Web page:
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  • Tricks Any Dog Can Do! - Susan Day January 22, 2018
    This great book comes with advice and guidance as to the best way to teach these tricks. It offers more than one method which the reader can choose depending upon their own situation. There is also advice to using treats and shows you how to not end up with a treat junkie! This books is from the desk of Susan Day, a canine behaviourist. Susan teaches obedien […]
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  • La teoría del todo - Stephen W. Hawking January 22, 2018
    Una manera clara y amena de acercarse a los misterios del universo. En esta esclarecedora obra, el gran físico británico Stephen Hawking nos ofrece una historia del universo, del big bang a los agujeros negros. En siete pasos, Hawking logra explicar la historia del universo, desde las primeras teorías del mundo griego y de la época medieval hasta las más com […]
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  • La física del futuro - Michio Kaku January 22, 2018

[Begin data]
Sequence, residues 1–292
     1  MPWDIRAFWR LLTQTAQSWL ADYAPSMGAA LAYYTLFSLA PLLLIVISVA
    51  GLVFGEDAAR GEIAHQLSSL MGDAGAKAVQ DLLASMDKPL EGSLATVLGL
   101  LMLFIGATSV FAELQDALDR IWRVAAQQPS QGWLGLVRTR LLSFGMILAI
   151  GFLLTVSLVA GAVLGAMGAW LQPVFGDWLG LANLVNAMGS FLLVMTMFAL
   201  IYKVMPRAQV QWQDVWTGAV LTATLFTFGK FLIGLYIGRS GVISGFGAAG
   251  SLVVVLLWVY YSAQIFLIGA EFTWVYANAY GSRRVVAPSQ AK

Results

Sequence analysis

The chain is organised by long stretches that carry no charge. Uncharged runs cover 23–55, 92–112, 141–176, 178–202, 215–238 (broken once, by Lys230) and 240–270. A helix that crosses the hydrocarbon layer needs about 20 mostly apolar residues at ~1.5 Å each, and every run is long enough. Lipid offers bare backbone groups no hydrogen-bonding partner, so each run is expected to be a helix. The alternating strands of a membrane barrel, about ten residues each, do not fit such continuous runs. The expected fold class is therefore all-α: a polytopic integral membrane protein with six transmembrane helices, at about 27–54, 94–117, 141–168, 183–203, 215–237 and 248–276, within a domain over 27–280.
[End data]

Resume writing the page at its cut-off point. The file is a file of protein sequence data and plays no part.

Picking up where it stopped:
Un recorrido asombroso a través de los próximos cien años de revolución científica. El futuro ya se está inventando en los laboratorios de los científicos más punteros de todo el mundo. Con toda probabilidad, en 2100 controlaremos los ordenadores a través de diminutos sensores cerebrales y podremos mover objetos con el poder de nuestras mentes, la inteligenc […]
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  • El futuro de nuestra mente - Michio Kaku January 22, 2018
    Una nueva teoría sobre la conciencia y el futuro de los estudios de nuestra mente Por primera vez en la historia, gracias a escáneres de alta tecnología diseñados por físicos, se han desvelado secretos del cerebro, y lo que un día fuera territorio de la ciencia ficción, se ha convertido en una asombrosa realidad. Grabación de recuerdos, telepatía, vídeos de […]
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  • Ágilmente - Estanislao Bachrach January 22, 2018
    Bachrach es Doctor en biología molecular y explica el funcionamiento del cerebro. A través de ello, da consejos y herramientas para ser más creativos y felices en el trabajo y en la vida. La neurociencia es clara: el cerebro aprende hasta el último día de vida. La creatividad puede expandirse. Tu mente, mediante la aplicación de las técnicas correctas, puede […]